In one of the most significant wetlands regulations in 2 decades, the U.S. Army Corps of Engineers has spelled out what developers must do to mitigate damage from their construction projects. The new regulations are meant to make mitigation efforts more accountable, successful, and scientific. But some researchers and environmentalists believe that the rule isn’t strict enough, and that too little is known about how to restore some of these fragile ecosystems, for the rule to work as intended. In 1989, President George H. W. Bush announced a policy of no net loss of wetlands. Mitigation was a major tool to achieve the goal… In many places, scientists just don’t know enough about the exact functions of particular wetlands and how to prioritize their restoration. More
April 1
Post-Katrina project shines spotlight on wetlands
(USA Today) As the wetlands disappeared, the natural barrier to tidal surge slowly eroded so much that when Hurricanes Katrina and Rita came, there was nothing to slow the 10- to 20-foot surge that contributed to the devastation of New Orleans and southeast Louisiana.
March 31
New Rule Lets Builders ‘Bank’ Efforts to Restore Wetlands
WASHINGTON (AP) — The Bush administration announced requirements on Monday to encourage builders to compensate for destroying wetlands or streams by paying to restore or create wetlands elsewhere.
Environmentalists worried that the policy could encourage wetlands destruction and overall loss.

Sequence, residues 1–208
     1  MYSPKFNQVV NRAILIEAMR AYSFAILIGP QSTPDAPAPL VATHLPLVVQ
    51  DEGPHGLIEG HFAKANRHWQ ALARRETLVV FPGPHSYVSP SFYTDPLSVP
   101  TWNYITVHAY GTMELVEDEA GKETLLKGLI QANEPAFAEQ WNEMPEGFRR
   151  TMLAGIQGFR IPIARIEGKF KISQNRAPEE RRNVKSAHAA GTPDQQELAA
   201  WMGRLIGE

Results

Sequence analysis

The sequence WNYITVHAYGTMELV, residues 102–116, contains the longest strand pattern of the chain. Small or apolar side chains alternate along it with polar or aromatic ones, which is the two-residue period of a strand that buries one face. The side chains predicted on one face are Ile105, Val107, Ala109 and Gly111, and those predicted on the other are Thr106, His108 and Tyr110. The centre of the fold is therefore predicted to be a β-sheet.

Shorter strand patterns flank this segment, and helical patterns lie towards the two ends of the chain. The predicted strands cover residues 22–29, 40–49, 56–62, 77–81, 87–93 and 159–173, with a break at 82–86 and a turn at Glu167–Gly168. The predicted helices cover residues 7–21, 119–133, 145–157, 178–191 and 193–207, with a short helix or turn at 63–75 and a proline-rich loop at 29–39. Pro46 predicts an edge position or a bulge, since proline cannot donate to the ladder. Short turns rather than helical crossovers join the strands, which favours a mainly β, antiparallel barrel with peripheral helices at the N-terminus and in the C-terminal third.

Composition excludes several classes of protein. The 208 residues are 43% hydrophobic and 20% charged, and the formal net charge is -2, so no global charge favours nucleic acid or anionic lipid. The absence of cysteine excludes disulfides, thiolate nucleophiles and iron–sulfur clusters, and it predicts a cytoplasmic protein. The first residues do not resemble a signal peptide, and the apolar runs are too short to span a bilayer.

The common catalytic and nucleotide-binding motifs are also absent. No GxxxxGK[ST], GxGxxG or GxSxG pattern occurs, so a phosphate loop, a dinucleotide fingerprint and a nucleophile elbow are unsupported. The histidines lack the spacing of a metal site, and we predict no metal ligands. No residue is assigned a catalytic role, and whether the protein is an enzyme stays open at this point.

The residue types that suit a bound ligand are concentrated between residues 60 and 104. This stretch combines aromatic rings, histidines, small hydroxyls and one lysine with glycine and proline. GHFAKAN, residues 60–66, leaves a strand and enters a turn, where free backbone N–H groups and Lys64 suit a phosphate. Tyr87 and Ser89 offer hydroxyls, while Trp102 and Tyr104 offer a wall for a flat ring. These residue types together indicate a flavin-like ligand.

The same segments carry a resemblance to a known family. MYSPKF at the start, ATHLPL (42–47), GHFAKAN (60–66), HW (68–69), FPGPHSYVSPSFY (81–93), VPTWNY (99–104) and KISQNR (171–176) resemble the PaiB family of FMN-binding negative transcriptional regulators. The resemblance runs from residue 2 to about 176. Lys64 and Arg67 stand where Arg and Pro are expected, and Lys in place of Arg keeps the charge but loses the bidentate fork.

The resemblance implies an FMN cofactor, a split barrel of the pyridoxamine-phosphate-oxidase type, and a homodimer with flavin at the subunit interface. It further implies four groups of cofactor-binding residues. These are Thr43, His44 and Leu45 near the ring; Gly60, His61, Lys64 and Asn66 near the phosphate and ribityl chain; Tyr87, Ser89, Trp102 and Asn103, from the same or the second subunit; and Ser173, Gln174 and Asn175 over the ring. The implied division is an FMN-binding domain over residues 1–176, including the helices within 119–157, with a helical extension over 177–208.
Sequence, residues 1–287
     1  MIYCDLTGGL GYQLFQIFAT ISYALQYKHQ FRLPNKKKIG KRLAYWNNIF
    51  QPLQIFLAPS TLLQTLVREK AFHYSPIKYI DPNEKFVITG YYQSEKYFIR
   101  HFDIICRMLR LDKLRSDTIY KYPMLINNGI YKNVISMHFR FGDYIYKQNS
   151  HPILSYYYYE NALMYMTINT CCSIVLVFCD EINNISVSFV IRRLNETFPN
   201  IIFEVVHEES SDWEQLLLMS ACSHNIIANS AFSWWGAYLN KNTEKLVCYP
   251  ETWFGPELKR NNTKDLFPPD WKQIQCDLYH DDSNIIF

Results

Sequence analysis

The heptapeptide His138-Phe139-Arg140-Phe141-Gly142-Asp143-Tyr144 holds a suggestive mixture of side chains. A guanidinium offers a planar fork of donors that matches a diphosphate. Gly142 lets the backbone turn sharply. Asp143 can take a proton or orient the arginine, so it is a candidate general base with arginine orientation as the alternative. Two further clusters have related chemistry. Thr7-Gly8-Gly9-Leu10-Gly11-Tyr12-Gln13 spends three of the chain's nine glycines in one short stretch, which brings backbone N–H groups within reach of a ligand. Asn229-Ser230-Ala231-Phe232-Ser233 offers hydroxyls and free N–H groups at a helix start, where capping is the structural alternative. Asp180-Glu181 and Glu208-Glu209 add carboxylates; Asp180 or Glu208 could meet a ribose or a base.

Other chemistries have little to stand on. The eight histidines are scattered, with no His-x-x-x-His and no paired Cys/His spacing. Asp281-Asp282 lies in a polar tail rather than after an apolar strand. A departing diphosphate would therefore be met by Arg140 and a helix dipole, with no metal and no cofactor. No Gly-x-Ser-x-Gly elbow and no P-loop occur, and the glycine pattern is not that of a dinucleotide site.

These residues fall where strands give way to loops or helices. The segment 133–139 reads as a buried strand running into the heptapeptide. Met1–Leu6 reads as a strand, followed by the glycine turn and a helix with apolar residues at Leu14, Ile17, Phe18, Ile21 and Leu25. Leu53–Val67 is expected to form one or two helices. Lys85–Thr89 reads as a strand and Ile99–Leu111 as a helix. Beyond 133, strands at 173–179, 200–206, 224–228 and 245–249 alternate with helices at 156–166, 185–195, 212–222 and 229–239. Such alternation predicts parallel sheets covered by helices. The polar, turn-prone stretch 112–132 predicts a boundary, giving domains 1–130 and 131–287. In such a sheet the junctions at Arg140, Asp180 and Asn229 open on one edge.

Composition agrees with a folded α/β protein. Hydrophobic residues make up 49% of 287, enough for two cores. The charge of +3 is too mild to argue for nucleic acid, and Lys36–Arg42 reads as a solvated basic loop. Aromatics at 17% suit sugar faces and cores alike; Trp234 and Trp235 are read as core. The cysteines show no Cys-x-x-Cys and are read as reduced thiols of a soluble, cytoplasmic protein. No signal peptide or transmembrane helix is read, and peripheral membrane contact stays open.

“There’s nothing in here that says we’re going to improve mitigation,” Julie Sibbing, a wetlands expert at the National Wildlife Federation, said. “It’s just going to be easier and cheaper. And the cheaper it is to mitigate, the more economic it is to buy land that has wetlands on it and destroy them.”
Ms. Sibbing said that mitigation banking was already being used, but that the new rule would make it difficult to argue that a developer should be required to provide on-site preservation.
A wetland often is important to a local ecosystem, and “it doesn’t help to move it 100 miles away,” Ms. Sibbing said.
With the new rule, the business of creating alternative wetlands is likely to prosper. George Howard, who owns a business in that field near Raleigh, N.C., said “the vast amount” of alternative wetlands involved not creating wetlands, but restoring lost wetlands.
The environmental agency [EPA] and the corps [of engineers] said the rules would increase public participation.
30 March
The politics of Katrina recovery
With the departure of former U.S. Sen. John Edwards from the presidential race, a vacuum exists over who will be the Katrina candidate.
Like Clinton, [Obama] pledges to support the restoration of Louisiana’s wetlands, noting that every four miles of wetlands can absorb about a foot of a hurricane’s storm surge.

Louisiana’s Wetlands are the end result of America’s intricate water basin system.
41% of the continental U.S. drains into the Mississippi River down to the Gulf of Mexico.
That includes 31 states & 2 Canadian provinces, affecting over two-thirds of the country directly and indirectly.
Total area drained 1.2 million square miles including 160 million tons of sediment that should be building the coast of Louisiana, instead is being washed out into the Gulf.

One Comment on "Wetlands"

  1. saarath January 30, 2009 at 4:40 am · Reply

    i love wet lands